Centrifugal Social Forces in a Youth Sport League
The dynamics of conflict among sport clubs for children and adolescents are examined via a case study of a summer swimming league in the American southwest. Participant observation, interviews, and archival analysis of league and member team records are used to document and describe the escalation of political rivalries, the emergence of policy coalitions, the aggravation of conflict among clubs, and the consequent efforts to splinter or disband the league. It is shown that the conflict resulted, in part, from the league's inability to formulate or implement policies addressing the consequences of its own growth and success. It is argued that the league's inability to formulate and implement new policy initiatives can be attributed to four forces: (1) goal displacement, causing means to become conflated with ends during policy debates; (2) tribalism in the confederation of rivals, causing parochial issues to dominate league decision processes; (3) the uncertainty of principals, causing personalities rather than issues to be the focus of problem attributions; and (4) the tether of tradition, causing policy proposals to be disregarded. These forces caused league policymaking to be reactive rather than proactive. It is suggested that team competition, which is the raison d'etre of such leagues, will generate these forces unless specific procedures are implemented at league level to blunt their impact. These findings suggest new directions for research, league design, and the management of sport systems.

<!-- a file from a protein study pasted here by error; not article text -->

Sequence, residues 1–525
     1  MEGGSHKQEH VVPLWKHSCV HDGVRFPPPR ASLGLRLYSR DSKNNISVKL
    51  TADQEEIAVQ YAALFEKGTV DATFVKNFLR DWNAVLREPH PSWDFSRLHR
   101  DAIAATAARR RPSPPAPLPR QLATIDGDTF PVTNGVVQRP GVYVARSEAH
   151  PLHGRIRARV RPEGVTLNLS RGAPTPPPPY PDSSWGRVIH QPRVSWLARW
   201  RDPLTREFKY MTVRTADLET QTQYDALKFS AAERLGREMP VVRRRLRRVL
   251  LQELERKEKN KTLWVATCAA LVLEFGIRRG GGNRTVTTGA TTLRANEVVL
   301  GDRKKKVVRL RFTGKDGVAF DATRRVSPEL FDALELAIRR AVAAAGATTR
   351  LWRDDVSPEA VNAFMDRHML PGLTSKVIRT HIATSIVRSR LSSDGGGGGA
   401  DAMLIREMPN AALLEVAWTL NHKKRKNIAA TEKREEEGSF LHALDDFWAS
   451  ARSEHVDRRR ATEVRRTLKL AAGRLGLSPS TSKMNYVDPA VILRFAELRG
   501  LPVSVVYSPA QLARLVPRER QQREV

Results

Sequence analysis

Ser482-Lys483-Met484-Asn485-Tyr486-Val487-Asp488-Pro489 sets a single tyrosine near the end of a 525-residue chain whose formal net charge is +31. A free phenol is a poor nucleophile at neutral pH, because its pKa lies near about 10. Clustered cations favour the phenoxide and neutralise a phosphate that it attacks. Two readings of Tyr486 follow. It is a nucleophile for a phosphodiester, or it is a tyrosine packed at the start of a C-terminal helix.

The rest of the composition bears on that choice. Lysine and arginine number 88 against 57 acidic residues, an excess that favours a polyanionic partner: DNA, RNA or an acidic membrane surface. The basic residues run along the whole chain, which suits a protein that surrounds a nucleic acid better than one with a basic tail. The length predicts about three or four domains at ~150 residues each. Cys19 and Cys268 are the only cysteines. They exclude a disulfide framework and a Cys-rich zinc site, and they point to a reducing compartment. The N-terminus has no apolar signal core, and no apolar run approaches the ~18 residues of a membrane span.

Volume (Year): 8 (2005)
Issue (Month): 1 (May)
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